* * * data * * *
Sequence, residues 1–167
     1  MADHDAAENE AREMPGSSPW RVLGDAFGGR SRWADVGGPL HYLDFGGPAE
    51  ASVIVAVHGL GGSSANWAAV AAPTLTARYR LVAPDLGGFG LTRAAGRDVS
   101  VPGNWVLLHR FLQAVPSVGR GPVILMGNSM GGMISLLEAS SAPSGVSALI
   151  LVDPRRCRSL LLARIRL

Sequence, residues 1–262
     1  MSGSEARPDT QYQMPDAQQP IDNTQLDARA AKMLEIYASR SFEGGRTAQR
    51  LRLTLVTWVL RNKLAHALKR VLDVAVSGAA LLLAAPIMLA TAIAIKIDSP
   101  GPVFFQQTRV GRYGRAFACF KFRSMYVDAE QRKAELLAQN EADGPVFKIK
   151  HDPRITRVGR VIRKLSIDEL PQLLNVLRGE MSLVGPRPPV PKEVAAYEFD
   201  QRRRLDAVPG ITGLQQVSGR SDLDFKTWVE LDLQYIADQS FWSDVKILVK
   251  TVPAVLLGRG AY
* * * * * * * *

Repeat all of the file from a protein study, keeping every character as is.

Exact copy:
Sequence, residues 1–167
     1  MADHDAAENE AREMPGSSPW RVLGDAFGGR SRWADVGGPL HYLDFGGPAE
    51  ASVIVAVHGL GGSSANWAAV AAPTLTARYR LVAPDLGGFG LTRAAGRDVS
   101  VPGNWVLLHR FLQAVPSVGR GPVILMGNSM GGMISLLEAS SAPSGVSALI
   151  LVDPRRCRSL LLARIRL

Sequence, residues 1–262
     1  MSGSEARPDT QYQMPDAQQP IDNTQLDARA AKMLEIYASR SFEGGRTAQR
    51  LRLTLVTWVL RNKLAHALKR VLDVAVSGAA LLLAAPIMLA TAIAIKIDSP
   101  GPVFFQQTRV GRYGRAFACF KFRSMYVDAE QRKAELLAQN EADGPVFKIK
   151  HDPRITRVGR VIRKLSIDEL PQLLNVLRGE MSLVGPRPPV PKEVAAYEFD
   201  QRRRLDAVPG ITGLQQVSGR SDLDFKTWVE LDLQYIADQS FWSDVKILVK
   251  TVPAVLLGRG AY